Often the clearest messages from God come to me while I’m doing something mundane or routine. Such was the case at the close of last year as I was helping paint our newest grandson’s room. I was simultaneously listening to the Christianity Today podcast, Quick To Listen and moving my hands and arms in rhythmic motion from paint bucket to wall. I cannot tell you what the topic of the podcast was because I tuned out of the interview early on to focus on one comment made early on by the interviewee. Mark Galli, recently retired editor for CT, commenting on his forth coming book , shared the following:
After years of working in this world, (I) believe that evangelical Christians’ strong suit today is the love of neighbor, be it prayer gatherings to evangelism to social justice to acts of mercy. We talk about God a lot and worship him and pray to him regularly. But on the other hand, relatively few Christians take with equal seriousness the command to love God with all our heart, all our soul, all our mind, and all our strength. If we do talk about the love of God, it is said that we love God by loving our neighbor. (From the introduction to the Jan 2, 2020 Quick to Listen podcast)
Galli’s words resonated with me because, like many pastors, I too have emphasized our need to love our neighbor in repeated ways over the years. But have I equally, or more forcefully, emphasized our need to love God?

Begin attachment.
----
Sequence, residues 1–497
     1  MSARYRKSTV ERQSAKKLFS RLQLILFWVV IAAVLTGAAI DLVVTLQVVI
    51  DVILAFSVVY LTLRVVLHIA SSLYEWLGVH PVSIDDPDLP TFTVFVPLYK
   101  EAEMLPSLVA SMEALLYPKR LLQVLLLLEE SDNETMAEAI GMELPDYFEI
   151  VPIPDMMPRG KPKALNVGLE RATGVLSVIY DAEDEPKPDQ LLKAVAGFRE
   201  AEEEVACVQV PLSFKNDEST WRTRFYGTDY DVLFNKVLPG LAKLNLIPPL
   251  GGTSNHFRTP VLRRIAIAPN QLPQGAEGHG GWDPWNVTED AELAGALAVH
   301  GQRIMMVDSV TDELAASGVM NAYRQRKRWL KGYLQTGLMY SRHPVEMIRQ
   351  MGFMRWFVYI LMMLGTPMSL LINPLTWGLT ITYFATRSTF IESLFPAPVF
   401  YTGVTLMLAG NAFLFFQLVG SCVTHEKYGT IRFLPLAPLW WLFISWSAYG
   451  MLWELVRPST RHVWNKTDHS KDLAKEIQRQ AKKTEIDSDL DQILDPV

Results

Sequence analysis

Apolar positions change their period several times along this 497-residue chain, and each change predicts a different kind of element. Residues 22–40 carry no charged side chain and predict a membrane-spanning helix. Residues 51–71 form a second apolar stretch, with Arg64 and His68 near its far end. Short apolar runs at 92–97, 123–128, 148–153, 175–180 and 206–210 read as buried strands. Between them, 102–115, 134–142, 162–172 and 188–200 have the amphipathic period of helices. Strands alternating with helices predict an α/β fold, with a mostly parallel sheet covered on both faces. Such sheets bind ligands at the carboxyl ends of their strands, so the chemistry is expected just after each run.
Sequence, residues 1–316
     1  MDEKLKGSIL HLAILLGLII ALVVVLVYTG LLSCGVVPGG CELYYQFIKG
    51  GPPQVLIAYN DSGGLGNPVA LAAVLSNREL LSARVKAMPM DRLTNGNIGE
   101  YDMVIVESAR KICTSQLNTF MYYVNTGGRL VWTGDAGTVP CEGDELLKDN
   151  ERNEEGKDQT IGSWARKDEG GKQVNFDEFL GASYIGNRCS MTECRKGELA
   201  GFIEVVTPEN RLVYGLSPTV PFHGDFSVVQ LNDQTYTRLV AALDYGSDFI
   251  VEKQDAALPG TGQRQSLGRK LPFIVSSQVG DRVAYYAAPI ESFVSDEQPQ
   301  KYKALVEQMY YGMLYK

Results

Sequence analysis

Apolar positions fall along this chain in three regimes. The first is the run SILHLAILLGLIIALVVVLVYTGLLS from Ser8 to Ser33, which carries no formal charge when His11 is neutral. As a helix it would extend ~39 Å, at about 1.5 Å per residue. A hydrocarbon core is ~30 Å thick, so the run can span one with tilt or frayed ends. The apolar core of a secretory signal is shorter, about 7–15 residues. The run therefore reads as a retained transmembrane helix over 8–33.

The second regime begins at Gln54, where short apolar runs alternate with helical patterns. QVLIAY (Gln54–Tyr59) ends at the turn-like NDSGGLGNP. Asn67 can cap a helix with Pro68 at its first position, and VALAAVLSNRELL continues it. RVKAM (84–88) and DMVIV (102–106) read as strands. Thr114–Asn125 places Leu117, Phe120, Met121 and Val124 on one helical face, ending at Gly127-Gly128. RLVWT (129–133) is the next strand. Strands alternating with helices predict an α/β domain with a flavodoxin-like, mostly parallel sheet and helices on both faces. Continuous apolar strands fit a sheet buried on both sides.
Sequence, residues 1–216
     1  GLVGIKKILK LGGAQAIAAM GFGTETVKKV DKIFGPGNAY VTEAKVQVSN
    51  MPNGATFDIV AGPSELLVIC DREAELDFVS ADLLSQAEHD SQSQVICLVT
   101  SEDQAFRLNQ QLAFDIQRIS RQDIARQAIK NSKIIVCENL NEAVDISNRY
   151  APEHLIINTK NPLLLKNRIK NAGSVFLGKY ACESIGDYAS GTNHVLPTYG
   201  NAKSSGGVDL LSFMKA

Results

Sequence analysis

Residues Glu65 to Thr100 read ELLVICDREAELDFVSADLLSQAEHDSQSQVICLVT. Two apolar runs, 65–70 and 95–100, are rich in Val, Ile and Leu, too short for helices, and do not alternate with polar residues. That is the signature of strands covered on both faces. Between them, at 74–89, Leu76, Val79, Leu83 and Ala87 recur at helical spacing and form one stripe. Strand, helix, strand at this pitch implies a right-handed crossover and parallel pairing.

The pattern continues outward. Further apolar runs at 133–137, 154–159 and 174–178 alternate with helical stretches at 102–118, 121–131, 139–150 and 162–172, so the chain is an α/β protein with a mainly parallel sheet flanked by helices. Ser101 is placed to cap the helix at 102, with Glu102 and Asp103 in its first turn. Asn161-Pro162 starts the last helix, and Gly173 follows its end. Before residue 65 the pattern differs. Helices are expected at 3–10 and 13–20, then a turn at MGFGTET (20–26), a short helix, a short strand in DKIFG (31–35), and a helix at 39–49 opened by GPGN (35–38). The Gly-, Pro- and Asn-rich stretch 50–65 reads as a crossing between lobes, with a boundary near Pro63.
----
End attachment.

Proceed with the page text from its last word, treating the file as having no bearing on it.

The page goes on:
When Jesus responds to the question from a “lawyer”: Teacher, which commandment in the law is the greatest? He says, You shall love the Lord your God with all your heart, and with all your soul, and with all your mind. This is the greatest and first commandment.
Why do we so quickly move past this commandment for the next: Love your neighbor as yourself ? Is it because loving our neighbor is easier? Have you met your neighbor? That’s probably not the reason! Perhaps we don’t know how to show love for God?
These questions have stayed with me in the intervening days and weeks. I keep thinking about Jesus call to love God. If we truly love God – in our worship, in our mission, in our discipleship, in our coming together, in the stewardship of our time and resources – won’t that help everything else fall into place and find it’s correct priority? (including how we love our neighbor)?
What does it mean for me, for you, for the church to love God? What does it look like for us to put that first and foremost above everything else? When people look to us – see us – refer to us – do they say, “Those people really love God?”
My challenge in 2020 is going to be the pursuit of these questions. It will be to put our love of God first in our priorities, first in our planning, first in our conversations and discernment. It will be to help others, but to begin with myself, in loving God with all one’s heart, soul and mind.